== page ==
How has Jeff Bezos built a company worth over $100 billion in one of the world's most competitive industries? While Amazon wins plaudits for its grasp of the user experience, on a strategic level the company keeps triumphing because it attacks competitors asmmetrically. The $199 Amazon Kindle Fire is a case in point. The formula underlying the Fire, as well as Amazon's other business model innovations, boils down to four components. Read about them in my post for Forbes.
Stephen Wunker is the Managing Director of New Markets Advisors and the Author of Capturing New Markets: How Smart Companies Create Opportunities Other's Don't (McGraw-Hill, 2011)
Walgreens, the American drugstore giant, is a 110-year-old institution in a very well-established industry. But that hasn't stopped it from upending the competitive game by using under-exploited assets to create new markets. In doing so, it has built defenses around profitable core businesses while generating high-potential sources of growth. Read more in my Financial Times article (subscription required).
Stephen Wunker is the Managing Director of New Markets Advisors and Author of Capturing New Markets: How Smart Companies Create Opportunities Others Don't.
Faced with an existential threat, many companies simply freeze. The migration of media to digital formats has vanquished former industry titans in newspapers, video rentals, and more. Yet Barnes & Noble is fighting back boldly and strategically. Read more about its smart response at my Harvard Business Review post
Long tail business models sell small quantities of a very large number of items. They are the antithesis of blockbuster business models, which sell large quantities of a few items. The idea, first popularized by the authors Clay Shirky and Chris Anderson, has been exemplified by the book retailing of Amazon.com. As an Amazon employee once stated, "We sold more books today that didn't sell at all yesterday than we sold today of all the books that did sell yesterday." (Amazon was never known for its pithy marketing).
This week, Amazon took its long tail strategy in a totally new direction, offering its Prime customers (those who pay a $79 annual fee for free 2-day shipping) a wide selection of streaming movies and television shows, for free. The move is a direct slap at Netflix, a company that started with a focus on renting hard-to-find, long tail DVDs but which has moved increasingly toward popular blockbusters as its video streaming operations ramp up. Amazon will not have nearly as many recent and popular releases in its free offer as Netflix, but for people who are open to Amazon's viewing suggestions it's hard to beat free.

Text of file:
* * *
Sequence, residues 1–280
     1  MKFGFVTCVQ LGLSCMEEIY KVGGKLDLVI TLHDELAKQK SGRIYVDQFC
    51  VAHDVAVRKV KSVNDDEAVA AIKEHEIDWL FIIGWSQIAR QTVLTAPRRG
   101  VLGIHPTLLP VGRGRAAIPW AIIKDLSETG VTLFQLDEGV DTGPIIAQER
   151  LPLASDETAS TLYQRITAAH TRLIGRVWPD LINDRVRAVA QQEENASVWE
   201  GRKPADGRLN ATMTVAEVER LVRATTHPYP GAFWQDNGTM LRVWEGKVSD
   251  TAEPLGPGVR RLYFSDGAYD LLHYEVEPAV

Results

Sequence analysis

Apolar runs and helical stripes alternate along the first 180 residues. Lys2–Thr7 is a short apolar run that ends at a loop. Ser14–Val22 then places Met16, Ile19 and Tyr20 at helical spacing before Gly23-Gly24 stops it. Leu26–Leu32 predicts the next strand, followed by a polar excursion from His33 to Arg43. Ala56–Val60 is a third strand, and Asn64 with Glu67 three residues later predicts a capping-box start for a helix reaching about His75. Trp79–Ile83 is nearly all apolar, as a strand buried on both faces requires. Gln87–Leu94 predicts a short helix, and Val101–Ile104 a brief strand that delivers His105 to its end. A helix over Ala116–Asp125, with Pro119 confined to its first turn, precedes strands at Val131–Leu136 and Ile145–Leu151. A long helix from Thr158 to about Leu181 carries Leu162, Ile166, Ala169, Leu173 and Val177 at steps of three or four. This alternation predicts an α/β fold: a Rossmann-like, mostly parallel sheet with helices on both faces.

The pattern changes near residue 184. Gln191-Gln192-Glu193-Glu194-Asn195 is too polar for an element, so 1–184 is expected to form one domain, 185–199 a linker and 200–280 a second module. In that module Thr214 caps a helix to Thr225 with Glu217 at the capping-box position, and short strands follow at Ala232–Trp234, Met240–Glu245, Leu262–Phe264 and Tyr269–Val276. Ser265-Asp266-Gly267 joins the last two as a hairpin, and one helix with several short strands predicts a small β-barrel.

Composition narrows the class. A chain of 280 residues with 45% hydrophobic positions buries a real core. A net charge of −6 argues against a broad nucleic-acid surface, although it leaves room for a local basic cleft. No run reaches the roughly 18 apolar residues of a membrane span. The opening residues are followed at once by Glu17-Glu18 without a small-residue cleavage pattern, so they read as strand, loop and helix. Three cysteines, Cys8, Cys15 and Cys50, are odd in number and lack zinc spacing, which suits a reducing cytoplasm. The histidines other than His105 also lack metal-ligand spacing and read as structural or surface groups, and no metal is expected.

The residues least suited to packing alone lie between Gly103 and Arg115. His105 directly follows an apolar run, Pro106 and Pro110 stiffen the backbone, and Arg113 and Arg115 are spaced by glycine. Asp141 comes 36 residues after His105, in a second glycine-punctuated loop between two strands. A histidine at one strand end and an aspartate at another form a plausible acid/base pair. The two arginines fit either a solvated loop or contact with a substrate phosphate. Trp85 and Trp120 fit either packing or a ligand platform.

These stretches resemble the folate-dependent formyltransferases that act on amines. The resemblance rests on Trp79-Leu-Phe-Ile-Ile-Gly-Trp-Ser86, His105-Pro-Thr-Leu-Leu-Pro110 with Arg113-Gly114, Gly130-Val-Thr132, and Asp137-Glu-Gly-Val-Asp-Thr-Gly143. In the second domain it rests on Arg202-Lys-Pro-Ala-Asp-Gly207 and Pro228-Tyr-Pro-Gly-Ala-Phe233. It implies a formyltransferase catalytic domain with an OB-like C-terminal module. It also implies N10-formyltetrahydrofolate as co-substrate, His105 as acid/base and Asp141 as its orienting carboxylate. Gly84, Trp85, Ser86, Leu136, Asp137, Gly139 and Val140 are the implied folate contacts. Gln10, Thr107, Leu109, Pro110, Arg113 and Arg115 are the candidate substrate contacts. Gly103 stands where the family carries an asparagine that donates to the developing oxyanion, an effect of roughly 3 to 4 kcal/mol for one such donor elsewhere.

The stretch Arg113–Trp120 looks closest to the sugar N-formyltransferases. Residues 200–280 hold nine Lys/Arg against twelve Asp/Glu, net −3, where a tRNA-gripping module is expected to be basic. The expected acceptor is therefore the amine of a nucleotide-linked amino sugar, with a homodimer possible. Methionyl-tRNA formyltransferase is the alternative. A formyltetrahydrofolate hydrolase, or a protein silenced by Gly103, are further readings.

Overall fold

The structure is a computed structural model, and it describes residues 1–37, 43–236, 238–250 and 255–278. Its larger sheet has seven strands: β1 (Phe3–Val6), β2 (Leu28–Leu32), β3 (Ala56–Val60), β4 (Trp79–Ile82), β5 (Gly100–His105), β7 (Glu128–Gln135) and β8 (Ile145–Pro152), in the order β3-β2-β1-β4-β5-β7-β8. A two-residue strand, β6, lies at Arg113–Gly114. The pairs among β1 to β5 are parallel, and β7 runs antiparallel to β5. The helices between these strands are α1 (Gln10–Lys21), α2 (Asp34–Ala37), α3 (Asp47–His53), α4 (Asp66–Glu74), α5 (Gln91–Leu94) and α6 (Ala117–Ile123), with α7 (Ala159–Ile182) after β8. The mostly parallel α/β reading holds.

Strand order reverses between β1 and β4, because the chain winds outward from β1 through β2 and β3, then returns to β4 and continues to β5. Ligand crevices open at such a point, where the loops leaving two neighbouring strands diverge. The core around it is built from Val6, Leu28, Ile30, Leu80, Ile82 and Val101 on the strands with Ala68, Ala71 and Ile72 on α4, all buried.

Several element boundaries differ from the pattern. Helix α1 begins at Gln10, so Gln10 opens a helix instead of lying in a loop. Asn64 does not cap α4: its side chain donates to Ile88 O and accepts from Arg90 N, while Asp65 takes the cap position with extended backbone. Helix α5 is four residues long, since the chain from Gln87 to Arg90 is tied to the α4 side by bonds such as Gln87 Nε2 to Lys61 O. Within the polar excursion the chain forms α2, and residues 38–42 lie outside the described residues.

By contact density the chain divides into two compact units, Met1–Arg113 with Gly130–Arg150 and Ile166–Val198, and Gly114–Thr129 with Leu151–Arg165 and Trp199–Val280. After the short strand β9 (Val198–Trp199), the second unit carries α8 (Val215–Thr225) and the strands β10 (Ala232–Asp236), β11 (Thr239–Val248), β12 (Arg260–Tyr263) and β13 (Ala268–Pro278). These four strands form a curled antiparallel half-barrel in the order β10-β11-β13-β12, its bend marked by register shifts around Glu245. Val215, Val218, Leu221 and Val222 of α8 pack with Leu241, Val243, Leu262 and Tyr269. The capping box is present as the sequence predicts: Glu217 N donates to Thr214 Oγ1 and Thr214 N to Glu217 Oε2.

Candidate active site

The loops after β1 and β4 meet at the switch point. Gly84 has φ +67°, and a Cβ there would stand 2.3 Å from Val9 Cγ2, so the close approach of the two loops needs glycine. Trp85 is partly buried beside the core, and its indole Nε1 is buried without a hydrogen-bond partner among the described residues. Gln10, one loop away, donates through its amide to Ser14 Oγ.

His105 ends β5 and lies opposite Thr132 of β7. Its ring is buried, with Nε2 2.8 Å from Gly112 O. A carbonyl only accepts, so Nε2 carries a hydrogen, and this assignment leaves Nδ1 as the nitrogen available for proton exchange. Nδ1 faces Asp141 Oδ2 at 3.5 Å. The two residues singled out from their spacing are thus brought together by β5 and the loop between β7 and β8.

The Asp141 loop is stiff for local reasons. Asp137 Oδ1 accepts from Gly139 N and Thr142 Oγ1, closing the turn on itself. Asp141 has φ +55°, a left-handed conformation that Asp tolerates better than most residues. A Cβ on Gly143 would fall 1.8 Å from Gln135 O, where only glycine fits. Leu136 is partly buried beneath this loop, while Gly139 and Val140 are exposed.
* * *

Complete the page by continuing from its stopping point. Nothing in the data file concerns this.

Amazon can make this model work because its long tail selections are much less expensive to license than blockbusters. It also has a totally different business model than Netflix, gaining a substantial bump in sales of physical products from people who sign up for Prime. The video offer entrenches Prime with customers and entices new customers to sign on to Prime. It targets people who may not watch enough videos to justify a monthly Netflix subscription, or who just haven't gotten around to signing up for a video service. It is a classic disruptive innovation -- catering to people over-shot by existing offerings with an inexpensive and highly accessible service that excels on a totally distinct set of performance criteria.
While Amazon plays this creative offense, it finds itself ironically on defense in its core book retailing business. Even as traditional rivals such as Borders implode due to antiquated business models, the sleepy public library poses a threat. E-books are continuing their rapid ascent in publishing, and public libraries are moving quickly to offer patrons this option. Because the number to be lent is limited, library e-books are a poor alternative to Amazon for reading hot new releases, but they may be a cost-effective way for libraries to offer patrons access to hard-to-find books. Tellingly, Amazon refuses to make its Kindle e-book reader compatible with the format used for most public library lending. Public libraries do not have marketing muscle to make readers aware of this option, and they may move more slowly than Internet giants, but as Amazon knows with its video offering, it's hard to beat free.
There are three morals to this story:
- Long tail business models create new markets, especially if they can make experimentation with unfamiliar purchases easy and if they can leverage new purchase occasions. Amazon is doing both these things with its video offering, thereby expanding the overall size of the video streaming industry.